In its latest house price index, it revealed that the average home cost 1.3% less in April than the same month a year ago when prices were still rising.
Robert Gardner, chief economist at Nationwide, noted that the three-month on three-month measure of house prices, considered a less volatile measure, showed a modest rise of 0.6%.
He said: “It is not unusual to see a pattern of modest monthly increases and decreases when the market is fairly static, as has been the case since last summer. There is still little evidence to suggest that price declines will accelerate in the months ahead.”
Gardner highlighted that although household budgets remain under pressure, labour market conditions have shown a modest improvement in recent months.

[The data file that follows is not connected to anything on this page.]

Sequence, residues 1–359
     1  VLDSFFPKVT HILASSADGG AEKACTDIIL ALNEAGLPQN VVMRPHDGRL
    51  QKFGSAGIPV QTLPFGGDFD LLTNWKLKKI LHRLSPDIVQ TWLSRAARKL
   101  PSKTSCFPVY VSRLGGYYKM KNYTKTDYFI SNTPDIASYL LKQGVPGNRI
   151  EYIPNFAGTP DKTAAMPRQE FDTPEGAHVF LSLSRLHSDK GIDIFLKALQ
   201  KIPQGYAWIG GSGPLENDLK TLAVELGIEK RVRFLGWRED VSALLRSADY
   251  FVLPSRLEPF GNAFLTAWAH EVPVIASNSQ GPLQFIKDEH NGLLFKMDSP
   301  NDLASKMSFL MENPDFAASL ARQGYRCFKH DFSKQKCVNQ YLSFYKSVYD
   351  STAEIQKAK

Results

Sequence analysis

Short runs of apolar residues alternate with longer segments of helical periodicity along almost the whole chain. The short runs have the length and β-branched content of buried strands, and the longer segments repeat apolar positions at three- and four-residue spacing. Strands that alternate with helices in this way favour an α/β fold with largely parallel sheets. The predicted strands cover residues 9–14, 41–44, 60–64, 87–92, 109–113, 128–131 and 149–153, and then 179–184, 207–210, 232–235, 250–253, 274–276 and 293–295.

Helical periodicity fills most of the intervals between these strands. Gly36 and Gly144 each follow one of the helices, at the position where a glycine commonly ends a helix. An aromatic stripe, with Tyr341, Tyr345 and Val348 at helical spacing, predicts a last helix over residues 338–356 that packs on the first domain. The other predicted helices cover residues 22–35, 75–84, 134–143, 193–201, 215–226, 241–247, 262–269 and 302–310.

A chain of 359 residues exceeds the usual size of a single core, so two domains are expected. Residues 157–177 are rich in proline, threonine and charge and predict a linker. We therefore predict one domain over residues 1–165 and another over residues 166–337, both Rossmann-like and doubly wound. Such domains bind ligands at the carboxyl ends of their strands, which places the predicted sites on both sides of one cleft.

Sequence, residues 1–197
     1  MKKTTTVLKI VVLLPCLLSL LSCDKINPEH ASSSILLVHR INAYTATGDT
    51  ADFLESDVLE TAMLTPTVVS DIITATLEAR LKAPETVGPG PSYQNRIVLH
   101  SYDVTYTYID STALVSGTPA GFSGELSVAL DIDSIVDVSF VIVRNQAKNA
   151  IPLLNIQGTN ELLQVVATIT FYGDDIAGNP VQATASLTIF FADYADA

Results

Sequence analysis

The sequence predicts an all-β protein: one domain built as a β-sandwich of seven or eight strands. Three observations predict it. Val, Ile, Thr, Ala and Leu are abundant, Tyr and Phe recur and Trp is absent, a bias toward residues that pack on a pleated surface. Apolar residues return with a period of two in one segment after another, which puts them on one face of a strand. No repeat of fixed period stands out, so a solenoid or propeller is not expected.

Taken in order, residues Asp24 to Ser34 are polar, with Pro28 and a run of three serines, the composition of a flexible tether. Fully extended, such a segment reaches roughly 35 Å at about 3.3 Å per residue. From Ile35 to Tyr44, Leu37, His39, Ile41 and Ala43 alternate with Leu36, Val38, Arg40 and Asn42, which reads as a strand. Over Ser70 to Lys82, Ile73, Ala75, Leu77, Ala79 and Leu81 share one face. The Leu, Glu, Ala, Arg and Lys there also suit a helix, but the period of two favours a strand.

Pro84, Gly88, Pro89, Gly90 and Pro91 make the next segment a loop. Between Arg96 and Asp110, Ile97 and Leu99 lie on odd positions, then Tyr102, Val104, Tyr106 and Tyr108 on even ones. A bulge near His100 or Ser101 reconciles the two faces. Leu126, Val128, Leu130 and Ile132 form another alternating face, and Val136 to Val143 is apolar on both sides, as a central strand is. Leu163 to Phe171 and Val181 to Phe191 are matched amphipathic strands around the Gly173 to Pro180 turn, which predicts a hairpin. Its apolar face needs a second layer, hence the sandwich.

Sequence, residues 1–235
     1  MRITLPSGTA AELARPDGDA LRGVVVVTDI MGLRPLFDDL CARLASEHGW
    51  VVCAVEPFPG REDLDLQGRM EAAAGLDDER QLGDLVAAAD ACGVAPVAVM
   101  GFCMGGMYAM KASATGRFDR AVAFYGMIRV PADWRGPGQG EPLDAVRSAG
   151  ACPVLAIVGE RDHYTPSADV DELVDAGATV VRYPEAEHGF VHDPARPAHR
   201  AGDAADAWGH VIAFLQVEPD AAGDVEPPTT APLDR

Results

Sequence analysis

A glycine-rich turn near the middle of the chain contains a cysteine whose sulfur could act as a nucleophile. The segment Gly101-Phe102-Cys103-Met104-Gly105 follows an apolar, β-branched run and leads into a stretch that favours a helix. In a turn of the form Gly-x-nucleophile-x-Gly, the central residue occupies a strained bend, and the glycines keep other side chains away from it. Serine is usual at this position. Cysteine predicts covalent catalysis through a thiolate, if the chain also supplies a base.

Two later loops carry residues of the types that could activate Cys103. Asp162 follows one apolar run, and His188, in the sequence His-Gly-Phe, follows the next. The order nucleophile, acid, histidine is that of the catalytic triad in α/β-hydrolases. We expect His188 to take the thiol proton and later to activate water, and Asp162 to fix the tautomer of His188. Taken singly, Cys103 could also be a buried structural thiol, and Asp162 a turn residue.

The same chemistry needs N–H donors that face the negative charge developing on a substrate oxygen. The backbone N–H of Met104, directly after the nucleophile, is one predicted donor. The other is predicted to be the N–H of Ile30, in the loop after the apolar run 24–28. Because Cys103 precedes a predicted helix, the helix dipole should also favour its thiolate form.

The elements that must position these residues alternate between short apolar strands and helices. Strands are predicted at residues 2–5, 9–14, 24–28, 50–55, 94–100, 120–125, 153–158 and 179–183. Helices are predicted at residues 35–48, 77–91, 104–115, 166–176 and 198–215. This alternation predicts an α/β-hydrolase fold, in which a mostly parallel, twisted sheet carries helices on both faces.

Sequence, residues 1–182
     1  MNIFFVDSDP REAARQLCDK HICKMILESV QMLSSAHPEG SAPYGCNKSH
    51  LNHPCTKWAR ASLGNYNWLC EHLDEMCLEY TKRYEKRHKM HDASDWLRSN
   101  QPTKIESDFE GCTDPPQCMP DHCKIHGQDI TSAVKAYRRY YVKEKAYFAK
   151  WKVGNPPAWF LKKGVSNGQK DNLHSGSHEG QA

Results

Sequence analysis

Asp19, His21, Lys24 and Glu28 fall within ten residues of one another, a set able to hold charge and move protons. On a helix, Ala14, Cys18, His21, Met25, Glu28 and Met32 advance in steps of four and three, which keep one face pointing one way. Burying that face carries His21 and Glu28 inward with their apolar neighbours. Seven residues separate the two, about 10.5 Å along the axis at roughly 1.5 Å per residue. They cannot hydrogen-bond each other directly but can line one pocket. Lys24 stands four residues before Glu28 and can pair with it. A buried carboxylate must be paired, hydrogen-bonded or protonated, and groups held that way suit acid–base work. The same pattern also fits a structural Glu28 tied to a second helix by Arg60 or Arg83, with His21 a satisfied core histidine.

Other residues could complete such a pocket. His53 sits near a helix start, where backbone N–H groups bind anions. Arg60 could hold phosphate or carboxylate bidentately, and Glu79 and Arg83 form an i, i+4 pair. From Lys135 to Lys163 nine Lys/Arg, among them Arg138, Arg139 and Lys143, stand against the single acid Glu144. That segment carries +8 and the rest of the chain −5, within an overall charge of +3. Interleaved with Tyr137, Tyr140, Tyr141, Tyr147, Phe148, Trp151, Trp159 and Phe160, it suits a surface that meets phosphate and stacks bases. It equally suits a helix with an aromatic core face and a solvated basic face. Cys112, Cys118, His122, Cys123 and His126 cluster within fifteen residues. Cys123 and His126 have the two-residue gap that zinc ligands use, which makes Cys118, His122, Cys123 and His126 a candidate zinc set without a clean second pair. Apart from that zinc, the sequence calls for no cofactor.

“Together with continued low interest rates, a gradual improvement in the labour market should help to provide support for housing demand, while limiting the number of forced sales. Nevertheless, a strong rebound in the market remains unlikely as the recovery is still expected to remain modest by historic standards.
“In our view, the most likely outcome is that house prices will continue to move sideways or drift modestly lower through 2011.”
Nicholas Ayre, a director of UK buying agents Home Fusion, said: “Given the state of demand, it’s certainly not surprising that prices have fallen again. In a climate of high unemployment, high living costs and, sooner rather than later, higher interest rates, the demand for property is understandably low.
“As ever, there are isolated spots around the country where the property market is healthier, and sought-after properties in London are still commanding good prices. But overall, from a UK perspective, the property market is still very much on the back foot.”